Runyu Mao

Runyu Mao

Researcher in the lab
Most of the proteins on the surface of our cells are modified by the addition of complex sugar molecules – a process called glycosylation.

PhD student Mr Runyu Mao is developing new medicines that block glycosylation as a new approach to treating cancer and other diseases.

Interdisciplinary training

Two researchers working together
PhD student Runyu Mao (L) and his supervisor Associate
Professor Ethan Goddard-Borger (R) are working to develop
new medicines that target glycosylation. 

Runyu said his PhD project brings together a diverse array of research techniques, which have enabled him to gain new insights into the process of protein glycosylation and how to block it. He is supervised by Associate Professor Ethan Goddard-Borger, who seeks to understand how protein glycosylation is involved in disease and targeting these processes to create new medicines.

“Protein glycosylation plays a critical role in many interactions between our cells, so it makes sense that it is also involved in a range of diseases,” Runyu said. “My goal is to develop drug-like molecules that target a single glycosylation process to improve immune responses to pathogens and tumours. My research is being conducted in collaboration with the Institute’s high-throughput screening laboratory, a component of the National Drug Discovery Centre.

“Organic chemistry is a particularly important aspect of my project, but I’ve also learnt the techniques needed to generate the proteins we are studying, perform biochemical assays with this protein, and I’m now learning how to perform structural studies on these proteins.”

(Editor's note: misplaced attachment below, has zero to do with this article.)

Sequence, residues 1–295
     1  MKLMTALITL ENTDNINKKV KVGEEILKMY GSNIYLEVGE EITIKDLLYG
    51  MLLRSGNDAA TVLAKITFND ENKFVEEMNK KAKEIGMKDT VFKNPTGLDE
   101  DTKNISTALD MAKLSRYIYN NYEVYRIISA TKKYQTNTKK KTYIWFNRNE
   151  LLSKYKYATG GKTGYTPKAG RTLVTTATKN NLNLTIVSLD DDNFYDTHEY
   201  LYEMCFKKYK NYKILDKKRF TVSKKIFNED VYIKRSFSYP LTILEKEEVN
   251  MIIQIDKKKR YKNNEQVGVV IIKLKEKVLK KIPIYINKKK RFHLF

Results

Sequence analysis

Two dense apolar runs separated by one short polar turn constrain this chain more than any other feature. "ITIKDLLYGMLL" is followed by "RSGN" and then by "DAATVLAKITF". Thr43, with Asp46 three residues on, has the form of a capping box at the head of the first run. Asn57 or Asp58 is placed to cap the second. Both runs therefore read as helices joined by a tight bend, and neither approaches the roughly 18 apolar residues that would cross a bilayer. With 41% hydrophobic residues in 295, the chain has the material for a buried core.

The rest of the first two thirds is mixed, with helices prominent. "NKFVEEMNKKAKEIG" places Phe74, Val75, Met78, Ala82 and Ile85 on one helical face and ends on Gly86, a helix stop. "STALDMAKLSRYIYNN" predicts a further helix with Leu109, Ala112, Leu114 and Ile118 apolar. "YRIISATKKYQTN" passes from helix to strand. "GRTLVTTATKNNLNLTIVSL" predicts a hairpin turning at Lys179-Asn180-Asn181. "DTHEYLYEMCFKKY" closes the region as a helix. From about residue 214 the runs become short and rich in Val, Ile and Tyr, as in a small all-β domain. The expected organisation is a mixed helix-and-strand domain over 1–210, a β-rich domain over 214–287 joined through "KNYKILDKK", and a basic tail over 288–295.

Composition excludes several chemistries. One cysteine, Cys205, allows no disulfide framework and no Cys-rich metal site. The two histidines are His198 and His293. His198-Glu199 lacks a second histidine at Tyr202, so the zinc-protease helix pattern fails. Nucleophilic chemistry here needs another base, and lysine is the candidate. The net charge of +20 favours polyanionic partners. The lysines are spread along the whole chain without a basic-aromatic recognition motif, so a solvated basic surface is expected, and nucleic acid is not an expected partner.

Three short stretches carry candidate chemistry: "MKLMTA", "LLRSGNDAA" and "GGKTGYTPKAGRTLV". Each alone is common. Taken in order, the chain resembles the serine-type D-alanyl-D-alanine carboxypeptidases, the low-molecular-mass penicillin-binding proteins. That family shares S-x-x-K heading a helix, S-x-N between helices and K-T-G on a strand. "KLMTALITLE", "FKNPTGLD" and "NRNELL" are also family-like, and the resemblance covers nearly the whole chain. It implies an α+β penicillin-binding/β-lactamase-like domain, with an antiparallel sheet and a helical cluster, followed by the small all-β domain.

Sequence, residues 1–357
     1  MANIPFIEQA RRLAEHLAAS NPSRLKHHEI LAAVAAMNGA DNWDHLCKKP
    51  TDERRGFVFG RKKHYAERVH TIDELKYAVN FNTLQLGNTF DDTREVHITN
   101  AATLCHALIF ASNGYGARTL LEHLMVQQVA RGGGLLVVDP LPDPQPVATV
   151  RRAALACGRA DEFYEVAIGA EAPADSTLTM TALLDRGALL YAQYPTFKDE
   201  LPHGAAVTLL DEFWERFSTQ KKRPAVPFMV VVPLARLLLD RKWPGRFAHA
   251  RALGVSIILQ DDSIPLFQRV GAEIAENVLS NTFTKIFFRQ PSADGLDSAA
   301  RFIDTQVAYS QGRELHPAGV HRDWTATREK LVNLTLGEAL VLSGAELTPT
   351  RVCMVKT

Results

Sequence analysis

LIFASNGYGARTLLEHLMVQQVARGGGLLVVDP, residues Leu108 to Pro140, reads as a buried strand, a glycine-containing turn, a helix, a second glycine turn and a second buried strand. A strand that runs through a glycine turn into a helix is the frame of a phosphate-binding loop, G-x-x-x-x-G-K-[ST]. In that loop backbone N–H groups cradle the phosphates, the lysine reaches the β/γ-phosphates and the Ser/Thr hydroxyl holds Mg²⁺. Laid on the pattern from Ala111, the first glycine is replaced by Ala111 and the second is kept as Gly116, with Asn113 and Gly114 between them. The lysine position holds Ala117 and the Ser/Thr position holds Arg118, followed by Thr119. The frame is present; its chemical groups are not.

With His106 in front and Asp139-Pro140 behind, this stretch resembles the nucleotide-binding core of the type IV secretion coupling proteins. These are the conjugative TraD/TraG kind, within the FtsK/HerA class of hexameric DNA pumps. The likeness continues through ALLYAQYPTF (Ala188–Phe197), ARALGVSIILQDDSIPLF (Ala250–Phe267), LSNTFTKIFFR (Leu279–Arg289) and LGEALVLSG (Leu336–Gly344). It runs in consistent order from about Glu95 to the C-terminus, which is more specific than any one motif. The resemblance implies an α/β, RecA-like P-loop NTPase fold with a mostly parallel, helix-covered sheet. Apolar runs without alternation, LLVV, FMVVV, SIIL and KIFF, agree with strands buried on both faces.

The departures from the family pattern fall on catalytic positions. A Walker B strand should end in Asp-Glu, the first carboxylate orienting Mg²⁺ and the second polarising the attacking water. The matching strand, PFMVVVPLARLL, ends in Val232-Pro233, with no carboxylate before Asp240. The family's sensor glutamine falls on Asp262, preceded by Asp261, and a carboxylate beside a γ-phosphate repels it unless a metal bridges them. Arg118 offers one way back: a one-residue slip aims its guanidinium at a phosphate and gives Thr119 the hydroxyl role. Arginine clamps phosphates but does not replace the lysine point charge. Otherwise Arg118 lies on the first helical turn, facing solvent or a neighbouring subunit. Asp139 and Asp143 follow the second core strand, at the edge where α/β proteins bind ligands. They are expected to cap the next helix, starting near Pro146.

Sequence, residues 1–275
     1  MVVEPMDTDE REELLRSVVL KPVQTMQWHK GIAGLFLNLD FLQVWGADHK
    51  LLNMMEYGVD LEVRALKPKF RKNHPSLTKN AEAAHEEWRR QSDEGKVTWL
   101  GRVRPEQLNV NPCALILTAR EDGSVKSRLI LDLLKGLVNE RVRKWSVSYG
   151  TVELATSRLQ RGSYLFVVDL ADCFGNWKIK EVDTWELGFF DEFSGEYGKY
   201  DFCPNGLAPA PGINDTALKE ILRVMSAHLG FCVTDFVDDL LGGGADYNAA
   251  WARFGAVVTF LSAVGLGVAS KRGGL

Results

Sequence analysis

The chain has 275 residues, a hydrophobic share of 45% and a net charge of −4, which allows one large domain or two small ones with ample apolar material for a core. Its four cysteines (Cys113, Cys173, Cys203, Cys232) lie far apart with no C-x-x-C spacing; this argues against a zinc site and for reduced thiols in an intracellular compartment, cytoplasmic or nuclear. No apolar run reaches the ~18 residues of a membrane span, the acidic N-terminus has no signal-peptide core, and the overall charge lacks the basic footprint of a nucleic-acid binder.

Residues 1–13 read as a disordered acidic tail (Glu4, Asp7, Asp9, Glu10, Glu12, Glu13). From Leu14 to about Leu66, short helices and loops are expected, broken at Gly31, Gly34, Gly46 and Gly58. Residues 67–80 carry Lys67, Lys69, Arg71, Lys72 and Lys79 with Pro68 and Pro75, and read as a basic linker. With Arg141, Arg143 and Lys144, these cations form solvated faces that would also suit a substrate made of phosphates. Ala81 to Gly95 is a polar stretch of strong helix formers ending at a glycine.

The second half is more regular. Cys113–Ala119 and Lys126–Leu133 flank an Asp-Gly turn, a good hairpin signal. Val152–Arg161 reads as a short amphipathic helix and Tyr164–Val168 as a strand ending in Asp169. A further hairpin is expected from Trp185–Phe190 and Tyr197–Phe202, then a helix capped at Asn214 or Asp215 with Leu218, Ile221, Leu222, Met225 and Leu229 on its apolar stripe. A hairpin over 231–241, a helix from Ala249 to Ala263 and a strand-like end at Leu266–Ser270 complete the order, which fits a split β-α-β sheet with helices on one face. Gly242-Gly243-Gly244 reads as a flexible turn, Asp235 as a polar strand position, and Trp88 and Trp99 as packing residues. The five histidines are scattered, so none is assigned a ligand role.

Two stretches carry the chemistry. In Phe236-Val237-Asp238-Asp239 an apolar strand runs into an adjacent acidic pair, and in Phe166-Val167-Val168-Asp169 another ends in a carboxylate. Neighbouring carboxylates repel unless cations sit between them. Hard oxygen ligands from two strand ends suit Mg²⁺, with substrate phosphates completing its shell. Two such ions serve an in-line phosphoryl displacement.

A highlight of Runyu’s project so far has been developing a new chemical method for synthesising some of the key molecules he is studying. “It’s the first time ever that these molecules could be synthesised in large enough quantities to permit extensive study of their biological roles. This new method has been a power tool for my project!"

“It’s been very easy to get the interdisciplinary training I’ve needed for my PhD. I think this is one of the benefits of studying at the Institute – students are very well supported in all areas of their research,” he said.

From Fudan to Melbourne

Researcher in the lab
Runyu Mao has learnt a range of research techniques
during his PhD studies

Runyu’s PhD studies are building on the knowledge and skills he developed as a pharmaceutical science student at Fudan University, one of China’s leading medical research universities.

“Some of my friends had been to the Institute to study through the InSPIRE program,” he said.

“They had a really great scientific experience, and this got me interested in studying here.”

Runyu hopes to stay in academia once he completes his PhD studies. “I’d like to establish my own lab in the future,” he said.

 

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